Stephanie S. crossed a line when her drinking changed from a want to a need. In this episode, she describes the insidious nature of addiction and shares a song that she wrote about her struggle entitled “Until You Try.” The song, performed by her son David, does a magnificent job of capturing the emotional pain of repeatedly trying and failing to stop drinking.
What we talked about
- Therapeutic benefits of writing poetry and music.
- Inspiration for her song “Until You Try”, and how it relates to her journey.
- The insidiousness of addiction and crossing the line from a want to a need.
- Labeling ourselves as “alcoholics”.
- Positive and helpful aspects of AA meetings.
- Speaking her truth as an atheist in AA.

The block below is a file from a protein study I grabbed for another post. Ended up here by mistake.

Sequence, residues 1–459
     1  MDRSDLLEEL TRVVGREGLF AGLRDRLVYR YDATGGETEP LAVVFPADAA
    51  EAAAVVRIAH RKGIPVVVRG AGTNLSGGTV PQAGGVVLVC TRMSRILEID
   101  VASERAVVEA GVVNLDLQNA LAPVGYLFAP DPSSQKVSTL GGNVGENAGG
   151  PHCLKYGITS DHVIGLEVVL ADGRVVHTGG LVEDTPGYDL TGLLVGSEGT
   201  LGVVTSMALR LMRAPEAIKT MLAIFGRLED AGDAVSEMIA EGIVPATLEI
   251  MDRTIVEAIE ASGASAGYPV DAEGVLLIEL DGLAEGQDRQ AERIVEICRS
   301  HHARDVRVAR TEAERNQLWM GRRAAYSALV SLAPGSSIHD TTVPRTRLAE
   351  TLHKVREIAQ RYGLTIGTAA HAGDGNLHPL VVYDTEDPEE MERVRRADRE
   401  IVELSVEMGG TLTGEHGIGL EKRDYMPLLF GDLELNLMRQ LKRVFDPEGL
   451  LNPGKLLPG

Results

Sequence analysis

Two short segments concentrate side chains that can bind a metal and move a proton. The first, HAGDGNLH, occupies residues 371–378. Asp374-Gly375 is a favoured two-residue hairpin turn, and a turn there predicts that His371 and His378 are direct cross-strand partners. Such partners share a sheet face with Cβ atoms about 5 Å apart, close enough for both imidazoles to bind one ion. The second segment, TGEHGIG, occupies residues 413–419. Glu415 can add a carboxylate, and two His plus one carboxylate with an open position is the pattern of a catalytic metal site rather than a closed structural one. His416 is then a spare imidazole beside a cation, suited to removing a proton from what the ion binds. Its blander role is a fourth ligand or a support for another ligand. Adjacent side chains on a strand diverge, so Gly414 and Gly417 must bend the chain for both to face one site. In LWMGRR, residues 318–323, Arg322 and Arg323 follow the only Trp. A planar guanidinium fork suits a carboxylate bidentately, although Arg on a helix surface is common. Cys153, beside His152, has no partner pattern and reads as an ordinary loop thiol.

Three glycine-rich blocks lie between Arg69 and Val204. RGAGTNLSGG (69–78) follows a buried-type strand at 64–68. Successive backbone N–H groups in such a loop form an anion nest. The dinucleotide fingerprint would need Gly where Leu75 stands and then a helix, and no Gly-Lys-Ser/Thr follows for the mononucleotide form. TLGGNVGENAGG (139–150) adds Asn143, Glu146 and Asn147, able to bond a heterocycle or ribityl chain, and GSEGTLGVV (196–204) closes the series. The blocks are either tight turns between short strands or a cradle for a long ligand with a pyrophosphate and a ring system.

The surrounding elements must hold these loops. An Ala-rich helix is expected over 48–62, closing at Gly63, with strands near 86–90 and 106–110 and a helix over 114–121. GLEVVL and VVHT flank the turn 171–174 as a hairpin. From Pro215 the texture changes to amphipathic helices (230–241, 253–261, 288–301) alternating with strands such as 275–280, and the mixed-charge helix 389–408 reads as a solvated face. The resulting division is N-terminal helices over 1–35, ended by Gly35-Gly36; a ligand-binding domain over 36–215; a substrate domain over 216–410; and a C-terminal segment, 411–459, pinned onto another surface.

- Not believing in a higher power doesn’t mean we think we are the higher power.
- Freedom from alcohol and shame.
I’m a good example of how quantity has nothing to do with addiction. It had me in a stranglehold. Like I was holding onto a defective life raft that I knew I would go down with, but I wouldn’t let go until I found a substitute.
It took me a while to compare and not contrast, but when I was able to dive below the surface and see the commonality, and see actual transformations that I’ve never seen before in people. It was an awesme thing to see.
I’ve been in the program for about seven years. It took many years before it clicked. Many years before I was very clear that I could not have one drink and not quickly get into that quicksand.
There are times when I feel grateful. I don’t think I would have learned certain things about myself. I think it’s good to be humble at times. A lot of the shame I had is gone.
AA Agnostica Article Sticking With It, by Stephanie S.
Lyrics to the song Until You Try.